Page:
Secrets of the Stars
By R. D. Flavin

TWINKLE, twinkle, little star, How I wonder what you are!  Up above the world so high, Like a diamond in the sky.
(Taylor 1806, pp. 11-12; from “The Star.”)

A. P. W. B. Dumbledore, B. J. Spears, O. J. Simpson and J. D. Watson.

     They glow, radiate and shine while all too often self-destructing with some final spectacle that prolongs interest.  Recently much attention has been directed at fantasy author Jo Murray (aka J. K. Rowling) and her extraordinary claim that the highly regarded headmaster of Hogwarts School of Witchcraft and Wizardry is homosexual.  Our commitment to voyeuristically examine every salacious slip, excruciating error and attention-seeking escapade by the former Mouseketeer, Britney Jean Spears, continues to occupy a niche somewhere between daily flossing and absentmindedly picking scabs.  1985 NFL Hall of Fame inductee, Orenthal James Simpson, wasn’t content with getting away with murder and persists in providing us with many examples of wrong behavior.  Public controversy has never strayed far from the career of the 1962 Nobel Prize laureate, Dr. James Dewey Watson, and he apparently enjoys maintaining that uncomfortable relationship.  Yet, these celebrity stunts, blunders, crimes and gaffs are simply filler copy for the tabloids while the true secrets of the stars are revealed elsewhere.  One merely has to know where to look.  

      We may discuss facts, truths and data, describe and catagorize our likes and dislikes, debate judgements of good or bad and right or wrong, however Nature will always defy our limited terminology.  Words won’t suffice and, besides, we’re the passers by and Nature will still exist long after our personal preferences for Ashcan jazz and physical relations which blaze off the Scoville Organoleptic chart.  Still, we struggle with perceptions and articulate as best we can.  We are sometimes privy to the secrets of the stars, though restricted in expression with only about 100,000 million brain cells and around 750,000 unique words (for English speakers) to attempt communication.  I’ll utilize what’s available to share several secrets.

G292.0+1.8 pulsar, 3C 326 North and South galaxies, and the NGC 3603 nebula.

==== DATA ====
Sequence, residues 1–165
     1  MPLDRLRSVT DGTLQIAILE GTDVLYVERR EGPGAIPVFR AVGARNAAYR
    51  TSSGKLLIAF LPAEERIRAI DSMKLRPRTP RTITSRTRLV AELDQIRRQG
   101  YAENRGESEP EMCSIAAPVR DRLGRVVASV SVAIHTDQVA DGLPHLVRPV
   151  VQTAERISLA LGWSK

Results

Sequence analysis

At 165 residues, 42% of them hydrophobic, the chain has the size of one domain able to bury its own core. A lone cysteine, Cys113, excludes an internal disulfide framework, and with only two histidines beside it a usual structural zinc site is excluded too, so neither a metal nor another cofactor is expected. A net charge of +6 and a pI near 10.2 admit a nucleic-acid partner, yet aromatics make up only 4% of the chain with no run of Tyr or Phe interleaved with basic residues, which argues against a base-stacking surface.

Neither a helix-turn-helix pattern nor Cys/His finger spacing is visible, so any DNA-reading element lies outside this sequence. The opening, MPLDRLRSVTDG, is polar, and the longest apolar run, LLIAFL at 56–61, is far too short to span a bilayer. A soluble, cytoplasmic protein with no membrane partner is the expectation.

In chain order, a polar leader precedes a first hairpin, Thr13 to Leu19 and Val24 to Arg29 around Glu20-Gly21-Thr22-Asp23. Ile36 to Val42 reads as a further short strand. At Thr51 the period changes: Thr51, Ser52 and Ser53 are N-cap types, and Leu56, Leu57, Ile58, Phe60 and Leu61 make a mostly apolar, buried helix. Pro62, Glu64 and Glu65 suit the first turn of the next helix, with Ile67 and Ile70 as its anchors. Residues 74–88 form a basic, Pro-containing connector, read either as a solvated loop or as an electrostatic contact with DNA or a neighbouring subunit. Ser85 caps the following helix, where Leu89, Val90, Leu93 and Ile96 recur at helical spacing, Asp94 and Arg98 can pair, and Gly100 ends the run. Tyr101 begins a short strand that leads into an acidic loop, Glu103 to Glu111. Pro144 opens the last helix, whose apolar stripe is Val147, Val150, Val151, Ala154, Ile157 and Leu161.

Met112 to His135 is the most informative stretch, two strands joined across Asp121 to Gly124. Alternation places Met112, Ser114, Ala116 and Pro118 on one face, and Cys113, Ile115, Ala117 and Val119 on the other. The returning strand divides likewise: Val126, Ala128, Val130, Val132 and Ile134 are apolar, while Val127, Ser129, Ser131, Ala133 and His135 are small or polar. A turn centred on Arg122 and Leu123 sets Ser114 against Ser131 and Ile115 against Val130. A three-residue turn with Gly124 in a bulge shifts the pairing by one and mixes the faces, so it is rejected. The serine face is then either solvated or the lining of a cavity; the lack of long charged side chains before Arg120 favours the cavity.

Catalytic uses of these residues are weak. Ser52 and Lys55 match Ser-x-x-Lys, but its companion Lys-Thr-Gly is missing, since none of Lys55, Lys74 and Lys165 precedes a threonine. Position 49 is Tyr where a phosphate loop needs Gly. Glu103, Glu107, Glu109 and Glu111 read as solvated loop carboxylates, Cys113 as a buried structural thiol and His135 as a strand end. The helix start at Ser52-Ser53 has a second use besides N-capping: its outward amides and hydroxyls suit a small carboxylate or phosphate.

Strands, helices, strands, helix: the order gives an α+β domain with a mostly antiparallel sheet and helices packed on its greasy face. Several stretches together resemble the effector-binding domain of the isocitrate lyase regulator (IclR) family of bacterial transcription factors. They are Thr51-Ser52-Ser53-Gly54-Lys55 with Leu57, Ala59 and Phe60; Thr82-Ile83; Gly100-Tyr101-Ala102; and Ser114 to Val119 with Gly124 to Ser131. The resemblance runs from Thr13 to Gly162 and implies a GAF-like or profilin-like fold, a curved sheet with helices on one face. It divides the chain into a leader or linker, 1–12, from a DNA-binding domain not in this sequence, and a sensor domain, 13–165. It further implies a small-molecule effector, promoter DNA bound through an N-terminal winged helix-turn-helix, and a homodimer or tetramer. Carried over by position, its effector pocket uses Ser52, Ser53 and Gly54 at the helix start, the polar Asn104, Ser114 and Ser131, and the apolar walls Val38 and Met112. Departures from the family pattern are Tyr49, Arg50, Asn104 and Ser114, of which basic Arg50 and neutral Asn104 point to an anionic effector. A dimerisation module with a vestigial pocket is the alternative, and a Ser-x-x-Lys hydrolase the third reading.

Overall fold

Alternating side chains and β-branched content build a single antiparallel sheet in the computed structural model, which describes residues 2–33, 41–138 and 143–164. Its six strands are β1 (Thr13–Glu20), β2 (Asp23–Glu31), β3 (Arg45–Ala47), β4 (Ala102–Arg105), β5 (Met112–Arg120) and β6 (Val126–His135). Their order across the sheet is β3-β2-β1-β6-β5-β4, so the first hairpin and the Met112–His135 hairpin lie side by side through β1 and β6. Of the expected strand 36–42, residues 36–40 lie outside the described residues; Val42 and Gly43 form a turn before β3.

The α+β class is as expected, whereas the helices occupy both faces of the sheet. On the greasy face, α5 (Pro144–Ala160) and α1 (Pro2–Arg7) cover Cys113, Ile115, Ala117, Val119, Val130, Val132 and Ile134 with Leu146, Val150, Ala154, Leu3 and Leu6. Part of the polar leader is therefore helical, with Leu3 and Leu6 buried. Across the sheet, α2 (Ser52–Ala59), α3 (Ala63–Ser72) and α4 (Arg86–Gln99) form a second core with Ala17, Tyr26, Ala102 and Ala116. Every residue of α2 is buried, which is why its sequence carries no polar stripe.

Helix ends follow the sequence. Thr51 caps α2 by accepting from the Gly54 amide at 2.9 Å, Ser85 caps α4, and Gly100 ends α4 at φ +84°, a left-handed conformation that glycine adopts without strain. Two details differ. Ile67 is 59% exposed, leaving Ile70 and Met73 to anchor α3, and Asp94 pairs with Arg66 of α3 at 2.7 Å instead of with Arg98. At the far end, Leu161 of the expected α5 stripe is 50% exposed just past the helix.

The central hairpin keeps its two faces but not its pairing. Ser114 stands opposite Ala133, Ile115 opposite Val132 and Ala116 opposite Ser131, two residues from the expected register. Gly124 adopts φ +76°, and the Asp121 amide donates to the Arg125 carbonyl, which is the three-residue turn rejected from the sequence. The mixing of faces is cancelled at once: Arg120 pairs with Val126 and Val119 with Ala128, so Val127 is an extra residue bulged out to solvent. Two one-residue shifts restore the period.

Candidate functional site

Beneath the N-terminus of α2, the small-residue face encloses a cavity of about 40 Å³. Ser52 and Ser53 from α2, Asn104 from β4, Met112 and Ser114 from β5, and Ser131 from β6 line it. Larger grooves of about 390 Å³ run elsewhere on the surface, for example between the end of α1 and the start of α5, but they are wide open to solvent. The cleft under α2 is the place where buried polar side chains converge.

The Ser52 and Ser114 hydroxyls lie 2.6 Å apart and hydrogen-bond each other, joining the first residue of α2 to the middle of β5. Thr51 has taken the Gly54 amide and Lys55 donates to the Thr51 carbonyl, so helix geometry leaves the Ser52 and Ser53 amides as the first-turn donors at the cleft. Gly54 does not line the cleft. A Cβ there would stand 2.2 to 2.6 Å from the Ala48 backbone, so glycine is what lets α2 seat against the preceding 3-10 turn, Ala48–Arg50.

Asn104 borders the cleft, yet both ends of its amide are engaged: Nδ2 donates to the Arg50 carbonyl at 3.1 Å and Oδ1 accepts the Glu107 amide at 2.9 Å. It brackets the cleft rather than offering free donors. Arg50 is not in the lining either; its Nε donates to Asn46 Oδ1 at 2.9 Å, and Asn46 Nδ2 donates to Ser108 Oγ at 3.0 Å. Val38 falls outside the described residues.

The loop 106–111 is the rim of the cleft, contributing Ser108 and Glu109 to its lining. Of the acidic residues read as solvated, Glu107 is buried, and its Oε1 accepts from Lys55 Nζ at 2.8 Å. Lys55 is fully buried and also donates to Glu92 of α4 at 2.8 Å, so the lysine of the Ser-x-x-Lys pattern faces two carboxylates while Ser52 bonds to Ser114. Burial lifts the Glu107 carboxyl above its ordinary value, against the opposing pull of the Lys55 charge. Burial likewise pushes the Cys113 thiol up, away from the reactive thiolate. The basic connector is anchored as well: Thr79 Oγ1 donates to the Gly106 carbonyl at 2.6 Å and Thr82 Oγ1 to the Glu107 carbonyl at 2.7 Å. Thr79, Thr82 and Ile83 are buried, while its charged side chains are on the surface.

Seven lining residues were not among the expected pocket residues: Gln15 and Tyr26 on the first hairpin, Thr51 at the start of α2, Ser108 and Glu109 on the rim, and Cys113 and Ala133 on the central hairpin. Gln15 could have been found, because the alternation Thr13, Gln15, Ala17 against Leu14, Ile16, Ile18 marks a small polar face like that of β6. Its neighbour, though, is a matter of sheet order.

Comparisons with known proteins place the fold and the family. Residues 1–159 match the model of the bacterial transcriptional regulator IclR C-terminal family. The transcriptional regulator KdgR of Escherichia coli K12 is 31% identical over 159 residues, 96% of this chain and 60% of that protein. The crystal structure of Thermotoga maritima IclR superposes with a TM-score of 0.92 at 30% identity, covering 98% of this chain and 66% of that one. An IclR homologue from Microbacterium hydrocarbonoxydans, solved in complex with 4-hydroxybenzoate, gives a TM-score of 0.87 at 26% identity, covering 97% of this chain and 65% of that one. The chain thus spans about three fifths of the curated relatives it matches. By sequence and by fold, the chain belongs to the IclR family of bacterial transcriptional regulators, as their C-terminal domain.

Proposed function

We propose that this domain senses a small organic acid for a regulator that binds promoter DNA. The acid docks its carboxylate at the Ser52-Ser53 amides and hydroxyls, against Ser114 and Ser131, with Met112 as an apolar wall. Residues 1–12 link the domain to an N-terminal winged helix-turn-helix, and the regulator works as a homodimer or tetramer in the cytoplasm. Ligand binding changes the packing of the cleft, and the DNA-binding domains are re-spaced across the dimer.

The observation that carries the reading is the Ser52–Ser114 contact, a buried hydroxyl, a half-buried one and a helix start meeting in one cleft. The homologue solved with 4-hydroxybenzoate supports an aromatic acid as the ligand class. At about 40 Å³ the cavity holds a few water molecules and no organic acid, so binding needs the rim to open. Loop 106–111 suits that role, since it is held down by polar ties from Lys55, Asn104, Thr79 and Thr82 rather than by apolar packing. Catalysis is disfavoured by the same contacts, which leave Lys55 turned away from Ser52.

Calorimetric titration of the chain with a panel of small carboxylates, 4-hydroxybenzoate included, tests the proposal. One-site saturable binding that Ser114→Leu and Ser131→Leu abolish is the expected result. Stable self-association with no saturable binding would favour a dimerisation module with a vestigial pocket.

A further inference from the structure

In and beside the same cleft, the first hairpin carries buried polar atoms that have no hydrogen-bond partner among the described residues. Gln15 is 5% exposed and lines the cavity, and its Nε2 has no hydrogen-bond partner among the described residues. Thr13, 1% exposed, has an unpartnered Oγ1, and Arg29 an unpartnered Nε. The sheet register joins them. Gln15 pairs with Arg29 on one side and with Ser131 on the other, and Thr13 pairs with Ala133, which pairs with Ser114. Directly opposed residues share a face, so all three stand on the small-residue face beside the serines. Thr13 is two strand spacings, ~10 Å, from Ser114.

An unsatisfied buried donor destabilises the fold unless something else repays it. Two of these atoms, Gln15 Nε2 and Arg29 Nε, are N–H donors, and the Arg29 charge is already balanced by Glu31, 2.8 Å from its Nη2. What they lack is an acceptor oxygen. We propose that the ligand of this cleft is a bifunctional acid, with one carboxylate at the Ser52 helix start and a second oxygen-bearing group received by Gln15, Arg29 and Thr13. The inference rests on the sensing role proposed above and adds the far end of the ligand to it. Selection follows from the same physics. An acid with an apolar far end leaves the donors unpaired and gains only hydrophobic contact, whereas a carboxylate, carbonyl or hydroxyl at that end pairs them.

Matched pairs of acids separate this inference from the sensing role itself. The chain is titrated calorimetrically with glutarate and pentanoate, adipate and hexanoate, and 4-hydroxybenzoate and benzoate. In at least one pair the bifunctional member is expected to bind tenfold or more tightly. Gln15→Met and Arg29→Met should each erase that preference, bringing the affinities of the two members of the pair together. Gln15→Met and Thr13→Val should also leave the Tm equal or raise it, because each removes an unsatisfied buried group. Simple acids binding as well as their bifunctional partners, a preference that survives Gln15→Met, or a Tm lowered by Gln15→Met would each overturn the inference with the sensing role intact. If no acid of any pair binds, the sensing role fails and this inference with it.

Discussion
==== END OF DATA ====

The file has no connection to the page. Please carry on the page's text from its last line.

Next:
All stars eventually burn out, though how fast and what happens as the aging stars exhaust themselves is usually determined by the size of the star in its prime.  Smaller stars meet their ends differently from larger ones.  When a massive star begins its final years, it often explodes as a supernova for a brief and brilliant period and sheds much of itself into space (contributing to the stuff of future stars).  Within the supernova remnant the core of the dying star is likely to pressurize its remaining protons and electrons forming many neutrons and turning the center into a neutron star.  Some neutron stars are identified from an emission of radio waves which are detected with regularity as they reach the Earth and are known as pulsars.  [Note: in a significant (and increasingly known) number of cases the neutron star becomes a victim of its own gravitational forces and further collapses to form a black hole.]  Recently a pulsar was discovered which doesn’t reside in the center of a supernova remnant like other pulsars.  Stars apparently don’t like being predictable.

     The remains of a supernova explosion and pulsar known as G292.0+1.8 is located 20,000 light years from Earth (or a tad more than 117,572,507,463,660,000 miles).  A just released image captured from by NASA's Chandra X-ray Observatory, an orbiting satellite launched in 1999, shows the stellar ejecta surrounding the pulsar as an extensive elemental cloud with large amounts of oxygen, silicon, sulfur and magnesium.  Of particular interest to astrophysicists and cosmologists is the off-center location of the pulsar in relation to the supernova remnant.  It’s thought that the supernova explosion wasn’t uniform, more energy was released in one direction than others, and that the pulsar was pushed into its “lopsided” position.  We may assume Nature doesn’t changes its behavior and follows secret rules we’re not yet aware of.

     As some stars are more massive than others, so too are some clusters of stars (or galaxies) larger or smaller than average.  And, as Nature dictates, when there’s a disproportional size difference, one “wins” another “loses.”  Such is the ongoing case of the 3C 326 North galaxy and its diminutive neighbor, 3C 326 South.  The Spritzer Space Telescope is documenting a “robbery” in progress as the bigger galaxy is siphoning away all of the smaller galaxy’s reserve of molecular hydrogen.  A likelihood has been advanced that North will absorb the South or, at the very least, leave the victim out of gas and unable to produce new stars and planets.  As Nature is responsible only to itself this theft is regarded as yet another example of some stars being above the law.

     Appearances may be deceiving and stars are known to occasionally misrepresent themselves.  A punk gang of stars in the NGC 3603 nebula has been photographed by the NASA/ESA Hubble Space Telescope combining their light to appear as if they were a single, impossibly huge star.  Actually, a few groups are all running the same scam and passing themselves off as three really big stars.  As if being a star isn’t enough, the NGC 3603 nebula neighborhood seems a popular hangout for stellar egos that believe it's how one looks not what one does that's important.